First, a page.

Living that self-quarantined life is submitting to a pressure cooker in the four walls of your own home. It's necessary, but it's a grind, both physical and psychological. Multiply that if you're taking care of kids of any age. Humans weren't made to raise their families in total isolation, and it's no wonder you feel extra-drained on top of all the baseline coronavirus anxiety.
Parents may try to put on a brave face for their children, but that may not help them as much as we'd hope. Psychologists at the University of Washington have just released a study showing how kids can actually exhibit physiological signs of stress when their parents are concealing their own emotions from them. The kids in turn begin mimicking their parents; the study looked at children ages 7 to 11.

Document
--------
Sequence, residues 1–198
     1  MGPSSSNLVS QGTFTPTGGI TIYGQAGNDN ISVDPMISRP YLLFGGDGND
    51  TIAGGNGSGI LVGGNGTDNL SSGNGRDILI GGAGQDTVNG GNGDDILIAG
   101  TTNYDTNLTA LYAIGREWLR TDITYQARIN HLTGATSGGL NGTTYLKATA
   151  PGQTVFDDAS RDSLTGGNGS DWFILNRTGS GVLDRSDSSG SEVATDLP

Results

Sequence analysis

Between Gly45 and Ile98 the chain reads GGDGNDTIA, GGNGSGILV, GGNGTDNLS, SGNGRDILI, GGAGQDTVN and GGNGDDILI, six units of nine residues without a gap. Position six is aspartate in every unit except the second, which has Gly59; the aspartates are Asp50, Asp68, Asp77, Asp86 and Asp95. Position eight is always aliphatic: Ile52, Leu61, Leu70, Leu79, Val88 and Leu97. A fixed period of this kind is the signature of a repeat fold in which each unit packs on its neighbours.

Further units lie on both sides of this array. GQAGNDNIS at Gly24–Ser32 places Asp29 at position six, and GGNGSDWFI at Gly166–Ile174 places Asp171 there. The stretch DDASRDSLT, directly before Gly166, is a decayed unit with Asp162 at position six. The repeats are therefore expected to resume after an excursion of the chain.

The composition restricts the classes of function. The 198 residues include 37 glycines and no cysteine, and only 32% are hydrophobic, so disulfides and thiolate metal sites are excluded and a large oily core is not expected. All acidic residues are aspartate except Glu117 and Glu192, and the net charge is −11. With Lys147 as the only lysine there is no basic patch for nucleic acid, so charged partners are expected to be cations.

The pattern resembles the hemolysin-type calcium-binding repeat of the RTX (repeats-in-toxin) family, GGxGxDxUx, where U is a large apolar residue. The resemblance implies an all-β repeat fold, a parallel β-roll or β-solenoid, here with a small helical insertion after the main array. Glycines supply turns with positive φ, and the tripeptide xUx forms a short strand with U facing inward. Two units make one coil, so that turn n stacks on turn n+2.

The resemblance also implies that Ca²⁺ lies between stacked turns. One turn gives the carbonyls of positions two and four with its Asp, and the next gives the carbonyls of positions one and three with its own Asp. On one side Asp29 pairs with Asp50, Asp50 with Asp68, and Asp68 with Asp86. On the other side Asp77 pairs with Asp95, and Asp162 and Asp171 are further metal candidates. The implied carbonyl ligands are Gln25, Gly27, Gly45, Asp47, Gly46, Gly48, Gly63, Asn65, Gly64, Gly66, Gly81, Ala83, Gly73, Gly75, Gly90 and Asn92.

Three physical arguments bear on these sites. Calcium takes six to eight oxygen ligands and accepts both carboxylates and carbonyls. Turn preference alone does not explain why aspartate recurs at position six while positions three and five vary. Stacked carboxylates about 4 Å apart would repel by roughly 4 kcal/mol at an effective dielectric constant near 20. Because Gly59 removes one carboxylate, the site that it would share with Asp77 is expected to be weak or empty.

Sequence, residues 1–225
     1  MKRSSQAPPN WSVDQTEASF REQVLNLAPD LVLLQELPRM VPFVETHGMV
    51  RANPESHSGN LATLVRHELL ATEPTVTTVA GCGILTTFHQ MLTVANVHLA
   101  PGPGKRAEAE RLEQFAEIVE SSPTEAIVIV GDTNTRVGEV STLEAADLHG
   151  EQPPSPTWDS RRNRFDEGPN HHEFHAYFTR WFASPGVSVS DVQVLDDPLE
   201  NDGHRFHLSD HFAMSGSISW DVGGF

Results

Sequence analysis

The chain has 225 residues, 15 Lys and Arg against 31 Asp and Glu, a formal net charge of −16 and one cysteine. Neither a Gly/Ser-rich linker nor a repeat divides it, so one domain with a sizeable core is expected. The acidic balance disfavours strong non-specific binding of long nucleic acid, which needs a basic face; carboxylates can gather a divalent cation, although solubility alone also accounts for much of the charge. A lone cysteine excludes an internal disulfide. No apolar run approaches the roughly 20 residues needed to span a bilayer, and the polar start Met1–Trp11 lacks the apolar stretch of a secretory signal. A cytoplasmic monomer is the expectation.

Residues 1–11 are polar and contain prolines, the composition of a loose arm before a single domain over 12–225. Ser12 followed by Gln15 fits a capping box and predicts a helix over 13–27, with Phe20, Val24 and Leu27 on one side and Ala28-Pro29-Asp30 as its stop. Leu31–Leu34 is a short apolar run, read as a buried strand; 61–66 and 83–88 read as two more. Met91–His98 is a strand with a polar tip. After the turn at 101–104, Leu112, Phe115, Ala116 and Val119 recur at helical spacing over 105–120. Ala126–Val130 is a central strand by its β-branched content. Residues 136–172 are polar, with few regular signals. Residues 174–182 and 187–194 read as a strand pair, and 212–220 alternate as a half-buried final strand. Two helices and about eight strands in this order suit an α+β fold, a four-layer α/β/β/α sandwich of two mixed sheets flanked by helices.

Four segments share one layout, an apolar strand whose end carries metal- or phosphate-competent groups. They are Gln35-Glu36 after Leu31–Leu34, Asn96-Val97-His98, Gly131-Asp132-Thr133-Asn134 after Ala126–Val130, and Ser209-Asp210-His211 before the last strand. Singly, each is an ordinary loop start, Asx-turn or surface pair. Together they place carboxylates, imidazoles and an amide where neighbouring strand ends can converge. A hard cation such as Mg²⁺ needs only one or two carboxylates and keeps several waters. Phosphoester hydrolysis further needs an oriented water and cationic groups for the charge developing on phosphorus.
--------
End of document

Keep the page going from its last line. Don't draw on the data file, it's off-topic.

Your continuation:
"So if you're stressed and just say, 'Oh, I'm fine', that only makes you less available to your child," said corresponding author Sara Waters. "We found that the kids picked up on that and reciprocated, which becomes a self-fulfilling dynamic."
Beyond the health aspects of the COVID-19 outbreak, 7 in 10 American adults are worried about their finances because of the disease, while more than half say they're not prepared financially to weather the pandemic. Your kids might not understand your money problems, but you can help them model healthy behaviors for coping with their own. "Research shows that it's more comforting for kids to have their feelings honored than just be told 'It's going to be fine,'" Waters said. After all, the research tells us that we're best off when we all feel our feelings to move forward and grow.